Maximum torque is representative of the maximum capacity of an individual to generate force, and is associated with intrinsic muscle ability and muscle activation capacity2828 Dalton BH, Harwood B, Davidson AW, Rice CL. Triceps surae contractile properties and firing rates in the soleus of young and old men. J Appl Physiol 2009;107:1781-8.. The results of this study corroborate those obtained by Klein et al.1111 Klein CS, Brooks D, Richardson D, McIlroy WE, Bayley MT. Voluntary activation failure contributes more to plantar flexor weakness than antagonist coactivation and muscle atrophy in chronic stroke survivors. J Appl Physiol 2010;109(5):1337-46., who found lower torque values, by about one third, in plantarflexor muscles of the affected limb (56.7 ± 57.4 Nm) compared to unaffected limb (147 ± 35.7 Nm) in stroke survivors. Additionally, studies justify that neuromuscular weakness is a common finding in the affected limb of spastic hemiplegic individuals2020 Fimland MS, Moen PMR, Hill T, Gjellesvik TI, Tørhaug T, Helgerud J, et al. Neuromuscular performance of paretic versus non-paretic plantar flexors after stroke. Eur J Appl Physiol 2011;111(12):3041-9.,2929 Horstman A, Gerrits K, Beltman M, Janssen T, Konijnenbelt M, de Haan A. Muscle function of knee extensors and flexors after stroke is selectively impaired at shorter muscle lengths. J Rehabil Med 2009;41:317-21. and unaffected limb in relation to healthy subjects 2222 Chou LW, Palmer JA, Binder-Macleod S, Knight CA. Motor unit rate coding is severely impaired during forceful and fast muscular contractions in individuals post stroke. J Neurophysiol 2013;109(12):2947-54.,3030 Elder GC, Kirk J, Stewart G, Cook K, Weir D, Marshall A, Leahey L. Contributing factors to muscle weakness in children with cerebral palsy. Dev Med Child Neurol 2003;45(8):542-50., therefore, a decrease in force production resulting from spasticity was expected. Furthermore, maximum force production appears to be an important aspect in muscle power, since when RFD was normalized by MVC (relative RFD), the difference between affected and healthy limb was not statistically significant. Fimland et al.2020 Fimland MS, Moen PMR, Hill T, Gjellesvik TI, Tørhaug T, Helgerud J, et al. Neuromuscular performance of paretic versus non-paretic plantar flexors after stroke. Eur J Appl Physiol 2011;111(12):3041-9. explain that there can be no difference in the neuromuscular recruitment capacity between limbs, but morphological alterations such as muscle atrophy explain the difference observed in absolute and not in relative RFD on unaffected limb compared to healthy subjects.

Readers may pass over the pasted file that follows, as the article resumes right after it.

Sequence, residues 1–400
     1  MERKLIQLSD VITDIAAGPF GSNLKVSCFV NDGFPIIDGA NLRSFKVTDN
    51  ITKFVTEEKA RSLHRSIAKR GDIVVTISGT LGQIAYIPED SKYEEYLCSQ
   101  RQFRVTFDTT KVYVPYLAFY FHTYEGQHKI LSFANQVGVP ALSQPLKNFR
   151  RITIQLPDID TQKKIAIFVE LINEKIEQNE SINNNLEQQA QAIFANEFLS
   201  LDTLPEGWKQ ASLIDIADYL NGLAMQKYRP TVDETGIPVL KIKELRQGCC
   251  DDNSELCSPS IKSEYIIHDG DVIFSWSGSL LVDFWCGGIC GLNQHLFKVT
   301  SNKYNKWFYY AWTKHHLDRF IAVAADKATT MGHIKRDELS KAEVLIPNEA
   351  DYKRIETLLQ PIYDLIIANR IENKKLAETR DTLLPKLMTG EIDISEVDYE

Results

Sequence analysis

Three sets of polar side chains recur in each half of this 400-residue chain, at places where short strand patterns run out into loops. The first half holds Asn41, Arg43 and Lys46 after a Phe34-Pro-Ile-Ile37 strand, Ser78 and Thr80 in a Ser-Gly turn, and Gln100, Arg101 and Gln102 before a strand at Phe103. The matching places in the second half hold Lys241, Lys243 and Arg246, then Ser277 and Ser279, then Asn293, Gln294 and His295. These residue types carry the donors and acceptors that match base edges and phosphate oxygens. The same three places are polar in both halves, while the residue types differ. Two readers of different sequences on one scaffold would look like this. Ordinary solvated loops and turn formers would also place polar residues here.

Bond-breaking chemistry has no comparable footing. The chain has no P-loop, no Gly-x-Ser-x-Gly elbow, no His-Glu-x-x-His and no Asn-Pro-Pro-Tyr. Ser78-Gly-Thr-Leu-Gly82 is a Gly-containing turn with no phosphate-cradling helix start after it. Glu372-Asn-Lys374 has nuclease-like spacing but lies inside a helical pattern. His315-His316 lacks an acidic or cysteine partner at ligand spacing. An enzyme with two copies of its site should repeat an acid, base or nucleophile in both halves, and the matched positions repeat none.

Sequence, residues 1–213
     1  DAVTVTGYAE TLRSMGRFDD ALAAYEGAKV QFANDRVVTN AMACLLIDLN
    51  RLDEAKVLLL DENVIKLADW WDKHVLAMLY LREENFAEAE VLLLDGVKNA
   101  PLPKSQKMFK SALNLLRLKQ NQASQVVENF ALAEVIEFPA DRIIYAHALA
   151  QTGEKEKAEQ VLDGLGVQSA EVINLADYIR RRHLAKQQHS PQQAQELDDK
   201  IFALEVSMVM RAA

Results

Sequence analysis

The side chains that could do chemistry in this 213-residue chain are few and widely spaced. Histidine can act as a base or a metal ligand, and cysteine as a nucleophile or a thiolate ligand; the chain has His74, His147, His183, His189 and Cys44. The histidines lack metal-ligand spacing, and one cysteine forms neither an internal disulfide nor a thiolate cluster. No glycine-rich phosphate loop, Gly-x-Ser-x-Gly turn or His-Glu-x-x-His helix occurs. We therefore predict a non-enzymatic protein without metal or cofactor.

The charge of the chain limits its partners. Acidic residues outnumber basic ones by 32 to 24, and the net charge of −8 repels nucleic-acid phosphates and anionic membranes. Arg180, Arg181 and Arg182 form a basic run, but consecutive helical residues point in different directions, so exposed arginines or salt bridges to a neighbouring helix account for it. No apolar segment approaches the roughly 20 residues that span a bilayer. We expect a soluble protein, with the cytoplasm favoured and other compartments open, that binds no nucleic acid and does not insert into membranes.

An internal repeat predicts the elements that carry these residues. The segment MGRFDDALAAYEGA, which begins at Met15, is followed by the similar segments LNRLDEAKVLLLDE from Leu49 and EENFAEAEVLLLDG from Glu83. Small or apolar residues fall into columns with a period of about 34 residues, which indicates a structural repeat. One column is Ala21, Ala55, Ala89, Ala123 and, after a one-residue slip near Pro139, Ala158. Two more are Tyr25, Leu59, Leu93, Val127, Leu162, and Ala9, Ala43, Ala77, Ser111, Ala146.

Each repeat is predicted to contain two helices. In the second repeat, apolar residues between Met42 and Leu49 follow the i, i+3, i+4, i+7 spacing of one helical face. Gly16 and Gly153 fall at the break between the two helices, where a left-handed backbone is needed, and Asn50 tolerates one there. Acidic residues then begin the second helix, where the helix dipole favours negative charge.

The high negative correlation between spasticity level with RFD and maximum torque suggests the functional impairment of spastic individuals. The adaptations in reflex sensibility to which spinal motor neurons increase the muscle activation2222 Chou LW, Palmer JA, Binder-Macleod S, Knight CA. Motor unit rate coding is severely impaired during forceful and fast muscular contractions in individuals post stroke. J Neurophysiol 2013;109(12):2947-54. associated with interrupt motor stimulation from the supraspinal centers developed by spasticity results in impairment of force modulation and production1414 Arene N, Hidler J. Understanding motor impairment in the paretic lower limb after a stroke: a review of the literature. Top Stroke Rehabil 2009;16(5):346-6.. Thus, the ability to produce maximum force and/or muscle power is severely impaired by spasticity.